Now for the fix. Buy some spare Jabra EarGels from the Jabra website under "Accessories" at $7 for a packet of 6! Jabra EarGels are designed to channel sound directly into the ear for perfect reception, so conversations sound clear and natural at both ends of the call. They are made of a translucent soft material shaped to sit snugly in your ear for a comfortable and secure fit. Jabra EarGels are hygienic and washable and come six in a pack - three sizes for left and right ears. [...]

British-born JONATHAN IVE led the Apple design team on such projects as iMac (introduced in 1998), PowerBook G4 (2001), iPod (2001) and iPhone (2007). Highly influenced by Dieter Rams, former head of design for Braun A.G. and considered "the godfather of modern industrial design" by much of the industry, Ive's contributions have made Apple one of the most influential brands of the decade.

Apple iPod Nano 4G
CNET Review
The bottom line:
THE fourth-generation iPod Nano is easy on the eyes and the wallet, and you can't beat its hardware and user interface design. Just be sure to give iTunes 8 a spin before committing.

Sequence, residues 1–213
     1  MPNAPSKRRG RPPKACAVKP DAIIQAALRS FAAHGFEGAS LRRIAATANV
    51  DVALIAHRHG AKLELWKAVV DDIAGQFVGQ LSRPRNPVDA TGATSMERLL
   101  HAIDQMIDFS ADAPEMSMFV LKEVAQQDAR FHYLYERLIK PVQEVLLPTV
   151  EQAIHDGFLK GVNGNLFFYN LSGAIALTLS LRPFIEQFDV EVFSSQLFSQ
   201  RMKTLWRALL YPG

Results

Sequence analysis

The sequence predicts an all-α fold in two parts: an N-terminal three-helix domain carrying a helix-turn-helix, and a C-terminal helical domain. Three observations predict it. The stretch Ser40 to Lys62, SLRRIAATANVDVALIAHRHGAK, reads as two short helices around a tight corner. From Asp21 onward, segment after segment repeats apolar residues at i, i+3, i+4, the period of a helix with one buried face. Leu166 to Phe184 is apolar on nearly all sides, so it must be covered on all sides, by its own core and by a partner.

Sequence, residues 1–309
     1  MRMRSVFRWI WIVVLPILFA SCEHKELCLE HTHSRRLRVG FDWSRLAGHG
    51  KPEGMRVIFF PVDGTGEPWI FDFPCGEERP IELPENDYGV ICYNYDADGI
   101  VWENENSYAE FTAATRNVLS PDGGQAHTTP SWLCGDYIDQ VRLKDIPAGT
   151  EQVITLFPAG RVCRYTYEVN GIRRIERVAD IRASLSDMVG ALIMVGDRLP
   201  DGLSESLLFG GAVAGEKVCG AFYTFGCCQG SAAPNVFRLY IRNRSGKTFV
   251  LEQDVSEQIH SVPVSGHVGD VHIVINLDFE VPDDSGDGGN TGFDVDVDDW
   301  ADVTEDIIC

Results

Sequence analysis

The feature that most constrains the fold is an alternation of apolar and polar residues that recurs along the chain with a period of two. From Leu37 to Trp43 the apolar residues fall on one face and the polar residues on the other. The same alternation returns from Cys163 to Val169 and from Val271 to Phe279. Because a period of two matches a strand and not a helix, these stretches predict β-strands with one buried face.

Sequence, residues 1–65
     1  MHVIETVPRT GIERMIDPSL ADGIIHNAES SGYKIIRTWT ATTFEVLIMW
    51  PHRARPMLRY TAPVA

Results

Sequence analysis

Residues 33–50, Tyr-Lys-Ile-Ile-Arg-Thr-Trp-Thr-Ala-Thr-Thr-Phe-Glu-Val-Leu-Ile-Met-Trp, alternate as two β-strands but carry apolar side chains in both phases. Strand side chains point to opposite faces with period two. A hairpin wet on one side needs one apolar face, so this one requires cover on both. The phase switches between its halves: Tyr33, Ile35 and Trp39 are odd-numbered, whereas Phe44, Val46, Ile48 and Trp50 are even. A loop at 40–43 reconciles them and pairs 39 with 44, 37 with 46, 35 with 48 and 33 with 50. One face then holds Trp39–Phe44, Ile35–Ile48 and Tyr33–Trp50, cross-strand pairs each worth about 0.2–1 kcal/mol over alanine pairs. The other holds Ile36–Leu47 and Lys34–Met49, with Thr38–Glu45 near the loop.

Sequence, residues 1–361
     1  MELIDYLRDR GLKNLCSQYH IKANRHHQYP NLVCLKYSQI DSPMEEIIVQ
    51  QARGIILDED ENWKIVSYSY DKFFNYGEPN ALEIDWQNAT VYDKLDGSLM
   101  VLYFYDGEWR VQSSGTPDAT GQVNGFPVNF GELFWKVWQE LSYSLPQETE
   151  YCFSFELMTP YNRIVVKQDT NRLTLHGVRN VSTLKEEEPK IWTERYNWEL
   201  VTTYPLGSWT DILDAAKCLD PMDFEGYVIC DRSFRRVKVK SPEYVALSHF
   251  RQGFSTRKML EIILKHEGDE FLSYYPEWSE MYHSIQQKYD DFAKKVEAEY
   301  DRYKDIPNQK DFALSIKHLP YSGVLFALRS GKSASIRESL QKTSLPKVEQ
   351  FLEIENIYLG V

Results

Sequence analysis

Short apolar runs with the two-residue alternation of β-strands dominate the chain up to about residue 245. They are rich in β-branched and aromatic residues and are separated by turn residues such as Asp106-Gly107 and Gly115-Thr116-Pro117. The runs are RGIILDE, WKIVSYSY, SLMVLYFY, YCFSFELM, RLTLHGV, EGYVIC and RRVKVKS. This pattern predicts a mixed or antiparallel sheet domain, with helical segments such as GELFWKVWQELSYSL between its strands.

iPod Nano 4G - slideshow
Oblong is the new squircle
LOOKING at the 4G iPod Nano from the bottom edge reminds us of the cross-section of an airplane wing. Apple's one-piece metal construction lends the Nano extra structural resilience.

Barely there
FROM the side, the fourth-generation iPod Nano looks like a section of a samurai blade: thin, metal, and aerodynamic. A single piece of aluminum wraps seamlessly around the Nano, leaving its ports and switches on the top and bottom of the player.

The New iPod Nano - official site
Apple's iPod Nano 5G Gets a Camera

red dot award: Best of the Best 2009
The iPod nano is a trendsetter – its design merges the understatement of advanced technology with very user-friendly operability.

Nokia Could Seek Up to $1 Billion for iPhones
HELSINKI (Reuters) - Apple faces the possibility of having to pay Nokia up to $1 billion for the technologies used in iPhones sold so far if it loses a lawsuit brought by Nokia, analysts said.